As another BH suggested, central A/C is the answer. I would suggest adding a steam humidifier, for about $2,000 more.

DSInvestor
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Re: Any BH know about whole house Dehumidifier?

Post by DSInvestor » Fri Jun 05, 2015 12:51 pm

My neighbor in New Orleans changed her central AC system last year. The new system was the same size as the old system (2 ton I believe) but the new air handler blows air at a lower speed. The new system takes a little longer to get to target temperature but it does a much better job of controlling humidity. She is much more comfortable now.

Does the air handler in your current AC have an option for slower fan speed?
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riley42
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Re: Any BH know about whole house Dehumidifier?

Post by riley42 » Fri Jun 05, 2015 1:08 pm

Thanks for all your answers. Our house sits on a crawlspace. And, unfortunately, our AC system only has one fan speed. Sounds like our insulation around the windows may be lacking if our humidity levels sound high to some of you. We keep the temp set at 77....maybe that is too high?

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Re: Any BH know about whole house Dehumidifier?

Post by rob » Fri Jun 05, 2015 1:15 pm

I bought a serious one @ 2 years ago and it's made a HUGE difference. We had rock ledge everywhere and the moisture was causing a lot of issues.... put plastic over the rock, concreted some of the dirt and ran a really efficient dehumid (@110pints). Caused a bit of an uptick in electric but well worth it. It was expensive ~ 2K but otherwise happy (ping me if you want model info as don't want to post specific manufacturers/websites).
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basspond
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Re: Any BH know about whole house Dehumidifier?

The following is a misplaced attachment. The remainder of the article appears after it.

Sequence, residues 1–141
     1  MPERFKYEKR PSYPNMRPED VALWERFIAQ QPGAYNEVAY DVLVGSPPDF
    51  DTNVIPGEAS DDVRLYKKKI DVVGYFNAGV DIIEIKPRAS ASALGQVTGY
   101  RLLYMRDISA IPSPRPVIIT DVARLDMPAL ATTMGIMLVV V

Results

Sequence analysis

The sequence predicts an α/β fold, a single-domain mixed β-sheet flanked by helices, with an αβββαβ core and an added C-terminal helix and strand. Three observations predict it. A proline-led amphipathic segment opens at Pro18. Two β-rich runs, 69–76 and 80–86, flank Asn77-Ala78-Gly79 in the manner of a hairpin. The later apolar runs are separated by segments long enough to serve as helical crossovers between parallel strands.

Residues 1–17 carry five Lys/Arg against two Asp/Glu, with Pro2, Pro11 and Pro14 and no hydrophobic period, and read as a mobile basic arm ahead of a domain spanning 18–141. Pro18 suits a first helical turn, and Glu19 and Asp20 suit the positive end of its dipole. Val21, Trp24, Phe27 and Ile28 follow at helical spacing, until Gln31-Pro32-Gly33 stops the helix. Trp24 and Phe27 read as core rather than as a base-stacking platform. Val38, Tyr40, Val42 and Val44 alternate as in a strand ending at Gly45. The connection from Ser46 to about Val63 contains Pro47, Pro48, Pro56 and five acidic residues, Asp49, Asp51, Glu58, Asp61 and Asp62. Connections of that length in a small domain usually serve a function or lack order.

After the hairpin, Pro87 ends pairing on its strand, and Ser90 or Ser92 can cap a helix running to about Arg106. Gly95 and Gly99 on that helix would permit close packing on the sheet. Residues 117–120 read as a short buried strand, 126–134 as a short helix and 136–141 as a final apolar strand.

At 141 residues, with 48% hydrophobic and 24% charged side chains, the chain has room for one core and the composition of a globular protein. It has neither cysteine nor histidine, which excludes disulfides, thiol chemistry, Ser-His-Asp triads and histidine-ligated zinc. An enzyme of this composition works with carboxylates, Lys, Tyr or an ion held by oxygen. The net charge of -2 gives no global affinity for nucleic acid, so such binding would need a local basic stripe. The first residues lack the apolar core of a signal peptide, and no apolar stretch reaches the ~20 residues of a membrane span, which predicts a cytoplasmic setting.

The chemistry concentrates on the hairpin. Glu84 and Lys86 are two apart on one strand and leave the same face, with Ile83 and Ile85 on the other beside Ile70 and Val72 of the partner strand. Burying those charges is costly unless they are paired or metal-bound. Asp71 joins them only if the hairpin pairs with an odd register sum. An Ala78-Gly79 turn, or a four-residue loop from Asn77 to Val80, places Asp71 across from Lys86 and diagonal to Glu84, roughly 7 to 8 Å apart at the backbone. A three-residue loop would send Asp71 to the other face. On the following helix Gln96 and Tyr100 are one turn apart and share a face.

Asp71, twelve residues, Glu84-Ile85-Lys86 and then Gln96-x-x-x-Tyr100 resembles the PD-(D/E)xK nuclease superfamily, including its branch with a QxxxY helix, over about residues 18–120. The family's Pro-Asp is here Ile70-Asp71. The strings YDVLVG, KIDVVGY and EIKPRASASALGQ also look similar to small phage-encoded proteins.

Post by basspond » Fri Jun 05, 2015 1:19 pm

I would get your system checked out. When we first moved into our just built house the attic was almost as cool as the house due to all the leaks in "vent piping".

Globalviewer58
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Re: Any BH know about whole house Dehumidifier?

Post by Globalviewer58 » Fri Jun 05, 2015 1:23 pm

Excess moisture may be migrating from the crawl space into the living space. Installing a layer of plastic sheeting on the floor of the crawl space is current building practice. You might have the crawl space inspected to determine if plastic sheeting covers the area. If the space allows access you should consider having this done.

ralph124cf
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Re: Any BH know about whole house Dehumidifier?

Post by ralph124cf » Fri Jun 05, 2015 1:37 pm

If you have a crawl space, this may be where much of your moisture is coming from. Covering exposed ground in the crawl with a plastic liner will reduce the moisture in the house. Also be sure that the crawl space has adequate ventilation.

I run a 70 pint dehumidifier 24/7 for the five warm months of the year in my basement to keep the upstairs humidity down to 40%. In the winter, both furnaces have humidifiers running to keep the humidity up to 30%.